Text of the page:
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Diabetes is a chronic disease in which the body cannot regulate the amount of sugar in the blood.

To understand diabetes, it is important to first understand the normal process by which food is broken down and used by the body for energy. Several things happen when food is digested and absorbed:

  • A sugar called glucose enters the bloodstream. Glucose is a source of fuel for the body.
  • An organ called the pancreas makes insulin. The role of insulin is to move glucose from the bloodstream into muscle, fat, and other cells, where it can be stored or used as fuel.
  • Diabetes occurs when the body produces too little insulin, develops resistance to insulin, or both.

Signs & Symptoms

A high blood sugar level can cause many symptoms, including:

  • Blurry vision
  • Excess thirst
  • Fatigue
  • Frequent urination
  • Hunger
  • Weight loss

Because type 2 diabetes develops slowly, some people with high blood sugar have no symptoms. Symptoms of type 1 diabetes develop over a shorter period and many people are very sick by the time they are diagnosed.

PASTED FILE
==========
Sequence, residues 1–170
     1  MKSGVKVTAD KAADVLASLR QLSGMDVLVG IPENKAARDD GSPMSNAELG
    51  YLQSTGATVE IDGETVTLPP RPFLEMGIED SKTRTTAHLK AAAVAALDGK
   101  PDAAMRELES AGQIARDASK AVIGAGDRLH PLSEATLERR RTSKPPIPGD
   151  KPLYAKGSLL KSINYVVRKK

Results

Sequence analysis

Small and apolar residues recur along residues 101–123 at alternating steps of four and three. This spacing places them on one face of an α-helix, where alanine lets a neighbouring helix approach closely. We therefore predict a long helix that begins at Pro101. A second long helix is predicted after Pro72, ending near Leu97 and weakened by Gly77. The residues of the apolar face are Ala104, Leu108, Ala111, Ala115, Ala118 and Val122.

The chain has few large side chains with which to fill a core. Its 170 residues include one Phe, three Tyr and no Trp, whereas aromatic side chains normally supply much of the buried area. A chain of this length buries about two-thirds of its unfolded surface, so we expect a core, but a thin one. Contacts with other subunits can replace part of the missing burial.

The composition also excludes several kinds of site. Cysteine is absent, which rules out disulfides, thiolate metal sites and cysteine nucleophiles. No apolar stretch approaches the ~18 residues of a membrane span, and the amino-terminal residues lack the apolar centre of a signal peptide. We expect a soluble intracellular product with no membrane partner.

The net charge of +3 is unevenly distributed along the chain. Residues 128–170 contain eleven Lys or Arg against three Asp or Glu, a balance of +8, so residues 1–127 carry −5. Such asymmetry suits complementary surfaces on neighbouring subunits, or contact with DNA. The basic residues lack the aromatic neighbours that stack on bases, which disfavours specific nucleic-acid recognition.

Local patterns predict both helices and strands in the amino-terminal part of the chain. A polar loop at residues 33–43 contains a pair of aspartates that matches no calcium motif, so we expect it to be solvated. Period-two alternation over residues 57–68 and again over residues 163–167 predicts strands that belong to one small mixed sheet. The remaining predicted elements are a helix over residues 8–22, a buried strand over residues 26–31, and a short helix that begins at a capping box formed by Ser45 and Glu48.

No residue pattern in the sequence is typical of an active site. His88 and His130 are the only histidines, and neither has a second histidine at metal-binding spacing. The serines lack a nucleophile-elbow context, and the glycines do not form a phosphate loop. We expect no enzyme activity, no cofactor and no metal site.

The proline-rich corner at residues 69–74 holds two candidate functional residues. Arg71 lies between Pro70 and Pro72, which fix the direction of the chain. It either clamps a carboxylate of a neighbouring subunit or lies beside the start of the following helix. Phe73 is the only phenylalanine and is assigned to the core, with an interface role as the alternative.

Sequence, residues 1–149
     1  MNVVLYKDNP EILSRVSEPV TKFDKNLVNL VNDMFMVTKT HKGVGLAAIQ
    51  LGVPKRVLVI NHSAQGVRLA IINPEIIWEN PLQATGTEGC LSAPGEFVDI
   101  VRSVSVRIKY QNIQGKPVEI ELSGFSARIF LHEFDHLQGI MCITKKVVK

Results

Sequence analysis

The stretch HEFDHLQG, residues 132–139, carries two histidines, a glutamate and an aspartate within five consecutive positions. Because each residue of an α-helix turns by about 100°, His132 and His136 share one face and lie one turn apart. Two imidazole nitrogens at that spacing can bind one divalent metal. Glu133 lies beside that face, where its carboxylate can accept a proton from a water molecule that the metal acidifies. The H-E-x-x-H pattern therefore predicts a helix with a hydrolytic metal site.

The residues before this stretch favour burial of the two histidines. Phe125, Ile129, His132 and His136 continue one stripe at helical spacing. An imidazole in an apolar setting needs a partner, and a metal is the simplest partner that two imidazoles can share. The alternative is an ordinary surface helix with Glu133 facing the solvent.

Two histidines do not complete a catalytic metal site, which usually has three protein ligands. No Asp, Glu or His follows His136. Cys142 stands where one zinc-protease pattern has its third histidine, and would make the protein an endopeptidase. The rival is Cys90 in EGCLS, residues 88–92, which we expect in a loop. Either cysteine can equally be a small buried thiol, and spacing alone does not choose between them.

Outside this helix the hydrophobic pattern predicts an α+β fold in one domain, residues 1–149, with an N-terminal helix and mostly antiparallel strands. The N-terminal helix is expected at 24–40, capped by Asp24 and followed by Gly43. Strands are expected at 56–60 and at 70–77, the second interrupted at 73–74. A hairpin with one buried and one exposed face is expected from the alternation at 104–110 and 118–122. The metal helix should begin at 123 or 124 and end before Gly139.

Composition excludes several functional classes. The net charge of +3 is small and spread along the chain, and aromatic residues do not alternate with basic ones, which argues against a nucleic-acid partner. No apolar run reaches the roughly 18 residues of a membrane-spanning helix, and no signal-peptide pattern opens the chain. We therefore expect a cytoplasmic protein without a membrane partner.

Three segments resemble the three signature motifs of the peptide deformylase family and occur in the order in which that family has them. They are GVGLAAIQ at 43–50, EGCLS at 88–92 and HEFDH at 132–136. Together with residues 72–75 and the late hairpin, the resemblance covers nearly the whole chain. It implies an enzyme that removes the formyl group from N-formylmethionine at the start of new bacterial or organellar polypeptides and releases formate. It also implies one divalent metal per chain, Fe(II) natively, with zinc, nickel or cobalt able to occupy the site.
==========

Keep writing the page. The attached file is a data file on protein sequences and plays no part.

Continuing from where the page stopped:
After many years, diabetes can lead to other serious problems. These problems are known as diabetes complications, and include:

  • Eye problems, including trouble seeing (especially at night), light sensitivity, and blindness
  • Sores and infections of the leg or foot, which if untreated, can lead to amputation of the leg or foot
  • Damage to nerves in the body, causing pain, tingling, a loss of feeling, problems digesting food, and erectile dysfunction
  • Kidney problems, which can lead to kidney failure
  • Weakened immune system, which can lead to more frequent infections
  • Increased chance of having a heart attack or stroke


A urinalysis may show high blood sugar, but that test alone does not diagnose diabetes. If a Deborah Heart and Lung Center  cardiologist suspects you of having diabetes, the following tests will be done:

  • Fasting blood glucose level
  • Hemoglobin A1c test
  • Oral glucose tolerance test


Know Your Numbers: Blood Sugar

Blood sugar is well known as an indicator of diabetes, but as diabetes and heart disease are so closely linked knowing your blood sugar is also crucial for your heart health. Cardiologist Dr. Alan Ghaly explains why it’s important to pay attention to this number.

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